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    Intriguing 'Drug Holidays' From HIV Treatment


    "Resistance is one of the big risks involved in this type of study," Dybul said. "So far we haven't seen emergence of any drug resistant genes in these patients who have had instances of viral rebound."

    Dybul said the goal of the study is to determine if the patients taking the drug holidays have the same outcomes as a similar group of patients who take their medications continuously.

    Dybul also reported another study in which patients are receiving treatment for seven days and then are off for seven days -- in essence reducing drug intake by 50%. He has enrolled five patients in this study. He demonstrated that one patient -- on treatment for more than three months -- had no rebound of the virus. The study design calls for following these patients for six months to see if their virus can be continually suppressed with the drug interruptions.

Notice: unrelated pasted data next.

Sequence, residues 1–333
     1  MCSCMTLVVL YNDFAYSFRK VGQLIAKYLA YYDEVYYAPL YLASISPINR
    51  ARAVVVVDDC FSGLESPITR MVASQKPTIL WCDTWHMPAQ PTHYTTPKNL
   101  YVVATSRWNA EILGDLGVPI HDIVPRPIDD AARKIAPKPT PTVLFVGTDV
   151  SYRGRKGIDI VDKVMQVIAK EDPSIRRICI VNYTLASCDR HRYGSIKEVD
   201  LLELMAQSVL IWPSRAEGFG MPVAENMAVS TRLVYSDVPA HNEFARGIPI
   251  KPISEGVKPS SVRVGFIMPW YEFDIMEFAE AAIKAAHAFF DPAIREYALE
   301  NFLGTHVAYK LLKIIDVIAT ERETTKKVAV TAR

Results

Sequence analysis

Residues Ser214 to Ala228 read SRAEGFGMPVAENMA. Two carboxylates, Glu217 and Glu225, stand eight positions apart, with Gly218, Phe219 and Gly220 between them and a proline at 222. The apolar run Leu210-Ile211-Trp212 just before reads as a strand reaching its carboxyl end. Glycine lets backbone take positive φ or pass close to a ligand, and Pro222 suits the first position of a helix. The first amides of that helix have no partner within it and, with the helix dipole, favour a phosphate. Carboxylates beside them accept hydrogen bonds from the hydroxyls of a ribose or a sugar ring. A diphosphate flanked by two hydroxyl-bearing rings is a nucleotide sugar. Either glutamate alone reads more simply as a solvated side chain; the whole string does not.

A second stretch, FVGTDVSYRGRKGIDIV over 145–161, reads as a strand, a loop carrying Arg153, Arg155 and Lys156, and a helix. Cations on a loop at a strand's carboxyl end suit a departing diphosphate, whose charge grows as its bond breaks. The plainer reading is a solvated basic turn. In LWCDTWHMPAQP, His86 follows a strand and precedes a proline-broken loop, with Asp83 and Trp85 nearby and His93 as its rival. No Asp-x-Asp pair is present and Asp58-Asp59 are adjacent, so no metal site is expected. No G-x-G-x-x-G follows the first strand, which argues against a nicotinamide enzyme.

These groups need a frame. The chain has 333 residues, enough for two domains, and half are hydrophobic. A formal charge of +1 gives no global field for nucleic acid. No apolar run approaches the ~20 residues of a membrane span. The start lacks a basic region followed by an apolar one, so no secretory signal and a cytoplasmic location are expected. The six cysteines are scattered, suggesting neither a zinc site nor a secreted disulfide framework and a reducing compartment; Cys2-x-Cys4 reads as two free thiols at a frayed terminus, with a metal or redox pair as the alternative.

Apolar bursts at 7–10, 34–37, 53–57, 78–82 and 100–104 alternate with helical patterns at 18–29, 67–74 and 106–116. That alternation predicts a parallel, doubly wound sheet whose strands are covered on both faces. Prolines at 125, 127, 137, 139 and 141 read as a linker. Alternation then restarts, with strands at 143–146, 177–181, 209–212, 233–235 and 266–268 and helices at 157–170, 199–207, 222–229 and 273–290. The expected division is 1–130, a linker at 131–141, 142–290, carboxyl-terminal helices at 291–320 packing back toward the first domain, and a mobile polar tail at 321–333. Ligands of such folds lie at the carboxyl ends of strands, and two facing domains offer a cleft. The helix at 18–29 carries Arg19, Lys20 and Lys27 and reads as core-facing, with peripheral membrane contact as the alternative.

"But this is just five patients," Dybul said, "and you really can't say anything about five patients."

    "If you say you can't say anything about five patients, why are you presenting this data?" asked Brian Gazzard, MD, chief of AIDS treatment at Chelsea and Westminster Hospitals in London. Gazzard said he was concerned that others would try to repeat the trials on their own.

    Jules Levin, an AIDS activist and editor in New York, also criticized reporting the sketchy data, said, "By discussing these things in public, you may be encouraging people to try these things. People will hear about this and say, 'It must be okay to do these things.'"

    "I share your concern," Dybul said. "We are emphasizing that this is just a research tool and that no one -- patients or doctors -- should try these treatments outside a clinical trial. We think these interesting data ought to be exchanged."

    In another study, Eron said he found out that adding even more pills did not improve a patient's response to treatment. He reported on a trial in which patients were put on a four-drug combination of treatment and were compared to patients on a standard three-drug regimen.

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